CAMPBELL - Approximately 100 local residents and a handful of officials from the Department of Environmental Conservation and Casella Waste Systems gathered at the Campbell American Legion Tuesday for a public hearing regarding the proposed expansion of the Hakes C&D Landfill in Painted Post.
The landfill, which is owned by Casella, is proposing to expand from 57.9 acres to 80 acres, with another 22.4-acre proposal for construction and cover materials. Casella owns the land where the expansion is proposed.
Some of the residents that were at the meeting live near the landfill, while others do not. They were concerned about a variety of factors, including the environmental impact, the odor, the volume of vehicles that travel to and from the landfill, and the health of nearby residents.
“There’s a lot of safety issues, and road issues, maintenance issues, and health issues,” said a man who said he lives about a half mile away from the landfill.
However, many were predominantly concerned over radioactive materials contained in the fracking waste from Pennsylvania that’s deposited into the landfill, which includes radon-226, bismuth-214 and lead-214.
“I worked in the industry for 37 years,” said another man from Bath, who was concerned about fracking waste. “If we bring the drilling cuttings here, we’re just adding to the criminal stuff that’s going on in Pennsylvania.”
“I’m concerned about the health impact, and I think a lot more science needs to be applied to figure it out,” said Painted Post resident Nancy Cook.
Campbell resident Joe Simmons said he was at the hearing seeking answers about the situation.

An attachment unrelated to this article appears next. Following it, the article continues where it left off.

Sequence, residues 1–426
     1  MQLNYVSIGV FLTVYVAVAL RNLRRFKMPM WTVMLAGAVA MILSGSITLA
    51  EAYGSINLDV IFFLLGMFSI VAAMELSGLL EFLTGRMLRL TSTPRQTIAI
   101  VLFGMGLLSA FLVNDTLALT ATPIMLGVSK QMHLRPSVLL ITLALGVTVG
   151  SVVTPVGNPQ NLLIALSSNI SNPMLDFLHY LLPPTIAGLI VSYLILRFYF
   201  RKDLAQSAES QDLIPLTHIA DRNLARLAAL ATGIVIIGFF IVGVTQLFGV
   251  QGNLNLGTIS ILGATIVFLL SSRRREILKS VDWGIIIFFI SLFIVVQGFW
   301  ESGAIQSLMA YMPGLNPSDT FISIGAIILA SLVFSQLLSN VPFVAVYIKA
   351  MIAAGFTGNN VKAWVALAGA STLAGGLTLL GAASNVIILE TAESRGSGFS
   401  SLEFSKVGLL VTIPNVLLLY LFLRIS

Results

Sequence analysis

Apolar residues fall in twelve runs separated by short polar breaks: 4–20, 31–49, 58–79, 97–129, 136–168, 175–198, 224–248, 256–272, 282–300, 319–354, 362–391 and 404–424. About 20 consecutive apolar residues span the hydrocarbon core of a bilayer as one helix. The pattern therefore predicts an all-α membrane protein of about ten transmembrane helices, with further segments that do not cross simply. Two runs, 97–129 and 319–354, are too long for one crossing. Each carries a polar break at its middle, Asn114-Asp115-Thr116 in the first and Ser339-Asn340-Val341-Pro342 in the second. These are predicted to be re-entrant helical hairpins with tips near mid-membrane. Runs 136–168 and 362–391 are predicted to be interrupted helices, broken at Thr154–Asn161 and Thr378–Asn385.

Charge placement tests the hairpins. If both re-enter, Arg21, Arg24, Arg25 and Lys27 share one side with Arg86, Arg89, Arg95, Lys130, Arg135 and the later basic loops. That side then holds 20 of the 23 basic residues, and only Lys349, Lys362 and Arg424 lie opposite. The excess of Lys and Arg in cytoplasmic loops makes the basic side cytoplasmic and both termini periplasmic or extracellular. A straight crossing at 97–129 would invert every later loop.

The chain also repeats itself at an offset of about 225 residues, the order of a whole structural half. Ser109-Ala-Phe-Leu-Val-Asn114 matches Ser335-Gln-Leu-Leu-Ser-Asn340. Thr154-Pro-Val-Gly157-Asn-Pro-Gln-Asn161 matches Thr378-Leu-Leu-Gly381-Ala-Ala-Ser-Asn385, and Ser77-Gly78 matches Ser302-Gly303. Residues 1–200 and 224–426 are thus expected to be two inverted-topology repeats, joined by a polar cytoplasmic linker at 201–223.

“I really don’t know at this point, I guess I just wonder why we want to dump Pennsylvania’s fracking waste into New York,” he said.
Casella Waste Systems Vice President Larry Schilling said the company was also worried about radioactive materials in fracking waste when the fracking boom arrived in the late 2000′s.
He said subsequent studies showed radioactive materials in the waste were “slightly above background, and (that) it’s nothing to really be concerned with from an operational standpoint, an environmental standpoint, or a safety standpoint.”
“When the Marcellus drilling started, back in 2009, we had the same concerns. Because the geologists called it a radioactive shale, and they wanted to bring us those drill cuttings,” he said. “We engaged with a number of experts and prepared some studies to ascertain whether or not it was actually an issue.”
A recent Draft Supplemental Environmental Impact Statement (DSEIS) stated the amount of these substances in the landfill are at a safe level. Some local enviromentalists are contesting the findings.
Geologist and environmental scientist Dr. Raymond Vaughan, a consultant with the Sierra Club environmental organization, conducted his own analysis of the findings and stated there are higher levels of radioactive materials than have been reported. He presented his findings Saturday to a group of residents at Campbell-Savona High School.
The DEC stated anyone interested may submit comments on the DSEIS and town site plan to the DEC by Feb. 26 by calling (585) 226-5400 or emailing hakesSEQRhearing@dec.ny.gov.